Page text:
It’s a double-wishbone suspension setup in the front and multi-link rear.

Some pavement types led to some serious tire noise, though wind noise was almost nonexistent. As noted above, the engines both stayed unheard until one’s right foot got seriously heavy.

Mazda graced the CX-70, like the CX-90, with attractive duds inside and out. There are exterior differences – the CX-70 has a different grille and a more slab-sided look. It’s pleasing enough to the eye. A bit anonymous, sure, but attractive nonetheless.

Turbos have body-color cladding, while PHEVs get black cladding.

Inside, the materials are nice and the controls, save for a wonky shifter (can we please stop with weird shifters now, automakers?). I liked the easy-to-use HVAC controls and easy-to-read gauges, but I still find Mazda’s infotainment system to require too much menu diving even for basic functions like seeking a radio station. I don’t love the integration of the screen, either – it looks like an afterthought.

The front seats were all-day comfortable, and I hopped into the second row and found it plenty accommodating for adults. I’d be remiss if I didn’t mention the available under-floor storage system in the cargo area. Mazda also made sure to note that the CX-70 now offers a system that helps with trailer hookup for towing. It seemed easy to use during a demonstration but I’d also have to point out that other OEMs have offered similar systems, some of which seem more comprehensive, for quite some time now.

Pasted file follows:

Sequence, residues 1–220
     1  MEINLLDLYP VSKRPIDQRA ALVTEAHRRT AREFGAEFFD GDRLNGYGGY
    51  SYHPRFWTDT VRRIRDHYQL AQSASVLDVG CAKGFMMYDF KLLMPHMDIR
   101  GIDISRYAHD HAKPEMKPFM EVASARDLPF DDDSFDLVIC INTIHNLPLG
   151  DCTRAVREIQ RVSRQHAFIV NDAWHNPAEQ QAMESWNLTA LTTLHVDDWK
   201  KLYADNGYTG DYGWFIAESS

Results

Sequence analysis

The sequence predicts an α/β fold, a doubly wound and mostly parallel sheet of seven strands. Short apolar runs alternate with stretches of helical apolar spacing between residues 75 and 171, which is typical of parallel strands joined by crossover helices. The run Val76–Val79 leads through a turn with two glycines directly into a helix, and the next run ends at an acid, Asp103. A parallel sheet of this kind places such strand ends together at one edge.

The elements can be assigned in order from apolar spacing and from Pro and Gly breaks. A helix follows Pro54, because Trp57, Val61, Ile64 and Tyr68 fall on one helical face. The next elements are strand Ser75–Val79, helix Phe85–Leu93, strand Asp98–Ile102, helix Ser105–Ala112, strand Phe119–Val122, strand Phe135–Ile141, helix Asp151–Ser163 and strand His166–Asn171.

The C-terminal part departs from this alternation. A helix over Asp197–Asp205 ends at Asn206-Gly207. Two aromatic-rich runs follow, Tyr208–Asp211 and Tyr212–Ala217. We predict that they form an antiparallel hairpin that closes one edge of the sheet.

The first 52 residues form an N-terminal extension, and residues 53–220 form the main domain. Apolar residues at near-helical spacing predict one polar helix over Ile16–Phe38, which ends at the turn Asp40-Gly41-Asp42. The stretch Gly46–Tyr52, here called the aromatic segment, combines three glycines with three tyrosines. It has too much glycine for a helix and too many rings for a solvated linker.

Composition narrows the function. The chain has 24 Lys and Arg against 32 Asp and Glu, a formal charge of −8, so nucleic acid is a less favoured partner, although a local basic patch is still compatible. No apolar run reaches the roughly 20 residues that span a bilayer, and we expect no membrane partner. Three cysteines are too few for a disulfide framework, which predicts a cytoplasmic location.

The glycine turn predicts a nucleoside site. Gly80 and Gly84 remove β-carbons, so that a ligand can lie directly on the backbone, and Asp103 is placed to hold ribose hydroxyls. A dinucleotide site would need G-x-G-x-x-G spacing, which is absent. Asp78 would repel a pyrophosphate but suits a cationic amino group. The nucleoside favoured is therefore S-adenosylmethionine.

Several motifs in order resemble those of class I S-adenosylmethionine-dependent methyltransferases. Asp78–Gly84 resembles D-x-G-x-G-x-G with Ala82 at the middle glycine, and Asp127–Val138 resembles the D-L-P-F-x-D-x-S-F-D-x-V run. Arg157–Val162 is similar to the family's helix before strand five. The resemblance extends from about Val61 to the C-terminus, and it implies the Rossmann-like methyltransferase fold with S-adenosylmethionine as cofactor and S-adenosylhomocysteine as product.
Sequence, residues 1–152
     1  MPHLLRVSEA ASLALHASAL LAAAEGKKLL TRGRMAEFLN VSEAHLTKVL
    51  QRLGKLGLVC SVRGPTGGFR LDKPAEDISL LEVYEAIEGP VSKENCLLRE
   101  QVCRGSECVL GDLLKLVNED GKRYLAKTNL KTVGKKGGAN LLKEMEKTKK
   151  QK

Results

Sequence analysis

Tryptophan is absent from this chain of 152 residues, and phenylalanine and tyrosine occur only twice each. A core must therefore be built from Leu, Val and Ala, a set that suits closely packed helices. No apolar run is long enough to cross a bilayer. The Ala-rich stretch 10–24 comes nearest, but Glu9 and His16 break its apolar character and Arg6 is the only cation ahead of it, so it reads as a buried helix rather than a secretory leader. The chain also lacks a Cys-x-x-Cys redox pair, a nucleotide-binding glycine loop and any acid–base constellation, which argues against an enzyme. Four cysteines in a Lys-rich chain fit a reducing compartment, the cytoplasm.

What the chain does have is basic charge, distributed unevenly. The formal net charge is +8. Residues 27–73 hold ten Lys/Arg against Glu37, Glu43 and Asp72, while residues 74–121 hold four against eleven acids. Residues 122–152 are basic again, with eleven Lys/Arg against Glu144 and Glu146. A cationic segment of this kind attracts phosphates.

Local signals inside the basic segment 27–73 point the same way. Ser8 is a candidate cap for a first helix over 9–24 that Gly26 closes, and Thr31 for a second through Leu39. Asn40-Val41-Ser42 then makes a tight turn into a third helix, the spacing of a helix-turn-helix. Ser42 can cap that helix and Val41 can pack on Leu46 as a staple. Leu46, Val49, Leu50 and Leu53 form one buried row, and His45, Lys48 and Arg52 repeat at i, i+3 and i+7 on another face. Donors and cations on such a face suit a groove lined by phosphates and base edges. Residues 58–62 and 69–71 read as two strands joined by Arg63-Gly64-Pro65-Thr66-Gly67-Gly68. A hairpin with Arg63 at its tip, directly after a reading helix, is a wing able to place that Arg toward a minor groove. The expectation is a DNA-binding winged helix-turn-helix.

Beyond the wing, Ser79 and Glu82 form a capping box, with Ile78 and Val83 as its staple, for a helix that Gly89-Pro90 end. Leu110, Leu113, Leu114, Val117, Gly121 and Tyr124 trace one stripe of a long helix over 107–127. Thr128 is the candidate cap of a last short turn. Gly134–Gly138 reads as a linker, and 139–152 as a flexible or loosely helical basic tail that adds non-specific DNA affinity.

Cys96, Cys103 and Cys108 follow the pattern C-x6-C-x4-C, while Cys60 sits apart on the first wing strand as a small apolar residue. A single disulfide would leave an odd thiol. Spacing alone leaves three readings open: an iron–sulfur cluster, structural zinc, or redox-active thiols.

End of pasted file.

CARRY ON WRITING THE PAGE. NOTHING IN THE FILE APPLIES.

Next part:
Standard or available features include 21-inch wheels, black interior accents, wireless Apple CarPlay and Android Auto, wireless cell-phone charging, keyless entry and starting, USB A and C ports, automatic climate control (up to three zones), heated front seats, cooled front seats, heated steering wheel, Bose audio, satellite radio, navigation, Bluetooth, panoramic sunroof, LED headlights, LED taillights, LED daytime running lights, Alexa integration*, head-up display, hands-free power liftgate, leather seats, roof rails, roof spoiler, and cargo-area charging.

*I found out how well Alexa works when another journalist and I were chatting before dinner near a parked CX-70 with its windows down and the ignition apparently partly on. One of us said “Lexus” in conversation and Alexa piped up.

Available or standard advanced-driver assist systems include smart brake support, blind-spot monitoring, radar cruise control with stop and go, lane-keep assist with lane-departure warning, driver-attention warning, rear-view monitor, rear cross-traffic alert, emergency lane keeping, head-on traffic avoidance assist, driver-exit warning, traffic-sign recognition, and more.

Pricing is as follows: $40,445 for the base, $52,450 for the Turbo S, and the PHEV will start at $54,400. Trim levels are subdivided – the base is available in Preferred, Premium, and Premium Plus. The more-powerful turbo is offered as Premium and Premium Plus, while the PHEV is also offered in Premium and Premium Plus. Astute readers will note that the CX-70 is priced a bit higher than the CX-90.

The PHEV I drove based at $57,450 in top-level Premium Plus trim -- $59,275 after factoring in $450 for the paint and $1,375 for destination.

Base engines have a fuel-economy rating of 24 mpg city/28 mpg highway/25 mpg combined, while the stronger turbo is 23/28/25. The PHEV has 56 MPGe – 25 combined on gas only.